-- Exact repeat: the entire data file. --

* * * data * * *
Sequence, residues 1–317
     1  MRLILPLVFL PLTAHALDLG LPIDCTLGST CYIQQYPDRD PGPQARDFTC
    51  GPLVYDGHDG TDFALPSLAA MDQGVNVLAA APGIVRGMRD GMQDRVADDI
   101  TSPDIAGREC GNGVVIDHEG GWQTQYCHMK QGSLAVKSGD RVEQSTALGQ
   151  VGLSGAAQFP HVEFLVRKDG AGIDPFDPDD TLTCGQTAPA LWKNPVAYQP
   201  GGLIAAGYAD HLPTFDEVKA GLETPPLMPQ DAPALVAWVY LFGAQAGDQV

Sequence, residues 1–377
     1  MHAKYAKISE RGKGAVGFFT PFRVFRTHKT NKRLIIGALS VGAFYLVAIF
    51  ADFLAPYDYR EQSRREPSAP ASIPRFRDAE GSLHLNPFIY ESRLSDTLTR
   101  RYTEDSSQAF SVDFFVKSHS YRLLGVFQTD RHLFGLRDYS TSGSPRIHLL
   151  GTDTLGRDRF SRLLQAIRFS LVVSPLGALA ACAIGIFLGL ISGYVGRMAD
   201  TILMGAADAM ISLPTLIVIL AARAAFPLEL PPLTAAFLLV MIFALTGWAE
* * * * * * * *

Sequence, residues 1–317
     1  MRLILPLVFL PLTAHALDLG LPIDCTLGST CYIQQYPDRD PGPQARDFTC
    51  GPLVYDGHDG TDFALPSLAA MDQGVNVLAA APGIVRGMRD GMQDRVADDI
   101  TSPDIAGREC GNGVVIDHEG GWQTQYCHMK QGSLAVKSGD RVEQSTALGQ
   151  VGLSGAAQFP HVEFLVRKDG AGIDPFDPDD TLTCGQTAPA LWKNPVAYQP
   201  GGLIAAGYAD HLPTFDEVKA GLETPPLMPQ DAPALVAWVY LFGAQAGDQV

Sequence, residues 1–377
     1  MHAKYAKISE RGKGAVGFFT PFRVFRTHKT NKRLIIGALS VGAFYLVAIF
    51  ADFLAPYDYR EQSRREPSAP ASIPRFRDAE GSLHLNPFIY ESRLSDTLTR
   101  RYTEDSSQAF SVDFFVKSHS YRLLGVFQTD RHLFGLRDYS TSGSPRIHLL
   151  GTDTLGRDRF SRLLQAIRFS LVVSPLGALA ACAIGIFLGL ISGYVGRMAD
   201  TILMGAADAM ISLPTLIVIL AARAAFPLEL PPLTAAFLLV MIFALTGWAE